Honda Point disaster not forgotten at Vandenberg
By Senior Airman Steve Bauer, 30th Space Wing Public Affairs
/ Published September 07, 2010
VANDENBERG AIR FORCE BASE, Calif. -- On any given day, a weathered plaque, resting on top of a cliff, well-above sea level, overlooks the Pacific Ocean's rough waters as they pummel against the protruding rocks below near the Western Launch and Test Range here.
The sun-stricken plaque is part of a memorial site dedicated to the Honda Point disaster of 1923 - the largest peacetime loss of United States Navy ships.
Vandenberg's historical background is mostly composed of joint-service personnel, said Jay Prichard, curator of the Vandenberg Heritage Center.
"Events such as the Honda Point Disaster are a reminder that military heritage is a common thread that binds us together, one team, one fight," Mr. Prichard said.
On Sept. 1, 1923, a magnitude 8.3 earthquake struck Sagami Bay, Japan, creating unusual currents that rippled across the Pacific Ocean.
One week later, despite the irregular currents trickling across the Pacific, the U.S. Navy Destroyer Squadron 11 deployed 14 Clemson-class destroyers from San Francisco Bay to San Diego Bay for training.
Led by Navy Cmdr. Edward H. Watson, the former DESRON 11 commander, the 14 ships set sail to simulate wartime conditions and their ability to navigate by using dead reckoning. Dead reckoning is a method to estimate the ship's maritime position by calculating the ship's heading, speed and propeller turns.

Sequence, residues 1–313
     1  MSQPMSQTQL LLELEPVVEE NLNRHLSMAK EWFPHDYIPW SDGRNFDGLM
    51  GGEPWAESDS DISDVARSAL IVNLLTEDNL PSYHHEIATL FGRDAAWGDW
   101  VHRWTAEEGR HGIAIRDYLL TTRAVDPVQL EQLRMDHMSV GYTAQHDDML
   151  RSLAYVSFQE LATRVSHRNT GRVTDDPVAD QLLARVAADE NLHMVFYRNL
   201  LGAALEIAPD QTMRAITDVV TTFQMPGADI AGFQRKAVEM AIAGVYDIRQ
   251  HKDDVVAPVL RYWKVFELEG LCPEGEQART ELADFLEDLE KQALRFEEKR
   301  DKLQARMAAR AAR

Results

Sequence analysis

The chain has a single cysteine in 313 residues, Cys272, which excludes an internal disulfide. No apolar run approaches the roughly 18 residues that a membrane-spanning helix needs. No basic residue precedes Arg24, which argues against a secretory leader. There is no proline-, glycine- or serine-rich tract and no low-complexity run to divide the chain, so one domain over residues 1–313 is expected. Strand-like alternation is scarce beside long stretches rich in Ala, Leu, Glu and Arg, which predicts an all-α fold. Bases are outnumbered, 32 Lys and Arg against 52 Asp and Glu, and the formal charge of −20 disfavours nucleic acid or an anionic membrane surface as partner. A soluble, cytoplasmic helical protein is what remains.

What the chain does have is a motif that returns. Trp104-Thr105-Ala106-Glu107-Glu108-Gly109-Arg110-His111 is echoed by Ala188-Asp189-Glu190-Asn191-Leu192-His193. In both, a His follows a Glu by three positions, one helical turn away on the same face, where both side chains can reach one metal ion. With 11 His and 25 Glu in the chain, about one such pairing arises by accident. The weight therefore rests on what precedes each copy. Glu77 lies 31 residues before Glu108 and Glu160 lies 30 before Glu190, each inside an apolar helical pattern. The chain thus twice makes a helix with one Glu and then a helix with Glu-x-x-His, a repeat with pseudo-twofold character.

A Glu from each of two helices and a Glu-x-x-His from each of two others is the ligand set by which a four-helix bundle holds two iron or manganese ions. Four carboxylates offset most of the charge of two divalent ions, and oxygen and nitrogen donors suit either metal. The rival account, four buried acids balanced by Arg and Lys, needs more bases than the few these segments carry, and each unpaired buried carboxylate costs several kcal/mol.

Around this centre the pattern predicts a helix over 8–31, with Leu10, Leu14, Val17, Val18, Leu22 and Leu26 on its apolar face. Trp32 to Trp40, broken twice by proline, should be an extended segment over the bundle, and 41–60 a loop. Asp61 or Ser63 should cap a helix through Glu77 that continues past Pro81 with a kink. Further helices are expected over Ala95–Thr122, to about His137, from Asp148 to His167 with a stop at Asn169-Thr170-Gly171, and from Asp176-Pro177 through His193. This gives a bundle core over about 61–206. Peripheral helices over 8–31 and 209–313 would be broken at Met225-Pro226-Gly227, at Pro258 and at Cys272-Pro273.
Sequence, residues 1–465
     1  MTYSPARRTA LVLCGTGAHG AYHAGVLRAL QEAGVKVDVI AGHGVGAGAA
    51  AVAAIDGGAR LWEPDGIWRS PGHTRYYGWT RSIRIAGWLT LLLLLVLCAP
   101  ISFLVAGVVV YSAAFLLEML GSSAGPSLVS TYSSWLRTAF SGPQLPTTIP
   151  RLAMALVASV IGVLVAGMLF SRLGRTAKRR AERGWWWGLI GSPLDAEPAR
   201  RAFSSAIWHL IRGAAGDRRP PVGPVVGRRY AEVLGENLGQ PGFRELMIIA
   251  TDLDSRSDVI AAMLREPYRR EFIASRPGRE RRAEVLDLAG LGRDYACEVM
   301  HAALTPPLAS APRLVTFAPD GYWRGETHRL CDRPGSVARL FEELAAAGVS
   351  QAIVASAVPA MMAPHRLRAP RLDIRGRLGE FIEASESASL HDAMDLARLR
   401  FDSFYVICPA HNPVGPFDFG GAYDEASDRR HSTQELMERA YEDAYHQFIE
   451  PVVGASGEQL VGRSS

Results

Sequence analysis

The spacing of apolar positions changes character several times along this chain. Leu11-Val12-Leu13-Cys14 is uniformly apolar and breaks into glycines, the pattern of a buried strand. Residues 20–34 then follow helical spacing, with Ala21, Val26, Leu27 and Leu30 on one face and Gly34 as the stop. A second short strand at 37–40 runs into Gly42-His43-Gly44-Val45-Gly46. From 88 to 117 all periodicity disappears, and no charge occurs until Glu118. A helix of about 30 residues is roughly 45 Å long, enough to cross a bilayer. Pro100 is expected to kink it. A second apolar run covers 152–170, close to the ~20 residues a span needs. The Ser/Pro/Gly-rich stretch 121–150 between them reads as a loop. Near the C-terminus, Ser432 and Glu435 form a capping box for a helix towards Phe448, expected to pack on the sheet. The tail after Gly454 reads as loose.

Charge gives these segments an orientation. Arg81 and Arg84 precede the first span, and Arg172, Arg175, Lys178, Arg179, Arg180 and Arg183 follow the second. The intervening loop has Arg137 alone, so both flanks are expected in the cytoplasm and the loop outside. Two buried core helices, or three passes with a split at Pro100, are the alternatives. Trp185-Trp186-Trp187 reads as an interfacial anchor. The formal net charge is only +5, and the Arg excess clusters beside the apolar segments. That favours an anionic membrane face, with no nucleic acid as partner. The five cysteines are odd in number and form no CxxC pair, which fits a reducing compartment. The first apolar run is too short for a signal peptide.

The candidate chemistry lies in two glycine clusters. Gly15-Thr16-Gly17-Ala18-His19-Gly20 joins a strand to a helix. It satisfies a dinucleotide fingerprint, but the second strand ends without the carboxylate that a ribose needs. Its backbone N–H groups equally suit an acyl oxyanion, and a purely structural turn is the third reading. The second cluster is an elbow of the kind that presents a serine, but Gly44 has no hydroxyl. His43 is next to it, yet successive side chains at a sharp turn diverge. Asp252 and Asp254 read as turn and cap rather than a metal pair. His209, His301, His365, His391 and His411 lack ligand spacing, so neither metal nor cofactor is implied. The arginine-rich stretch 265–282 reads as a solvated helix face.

During the early 1920s, Sailors favored the dead reckoning system over radio navigation aids. This was because radio navigation aids, which checks ocean depth measurements, were still new and had not gone through an extensive amount of testing for accuracy. Therefore, even though some of the destroyers of the DESRON 11 were equipped with radio navigation receivers, the radios were not used, said Mr. Prichard.
As the destroyers trained throughout the night Sept. 8, the ships turned east in the direction of the Santa Barbara Channel. Maintaining a swift course, the destroyers headed toward Honda Point unaware of their surrounding environment, which is an area often called the Devil's Jaw because of its rocky outcroppings.
At 20 knots, the U.S.S. Delphy was the first of seven destroyers to run aground at Honda Point that September night. However, before the other seven ships were led into danger, the U.S.S. Delphy sounded its sirens, saving the trailing ships from tragedy. Twenty-three Sailors were killed in the Honda Point Disaster.
"As in any event, it is our responsibility to reflect what works and what doesn't," said Mr. Prichard. "Understanding our heritage gives us an opportunity to evolve as leaders and prevent future tragedies by making more informed decisions. In so doing, the lessons provided by the tragic loss of the 23 Sailors and seven ships, while painful, will not be in vain."
Fragments remaining from the Honda Point Disaster can still be found around the local area today. A downed destroyer's propeller and propeller staff sits outside the Lompoc Veterans' Memorial Building, and steel debris from the wreckage can also be seen wedged in-between the rocks at Honda Point.
The Honda Point Memorial site is currently off-limits. Due to erosion from the Pacific surf, the surrounding cliffs are severely undermined, which has led base safety officials to declare it off limits to all base personnel. However, the site of the wreck can be viewed safely from the roadside, said Mr. Prichard.
More than 87 years later, a plaque and memorial remain intact approximately 100 feet above the site where the historic Navy tragedy occurred. Although weathered, the memorial is still serving its purpose - remembering the loss of 23 Sailors and seven destroyers at Honda Point.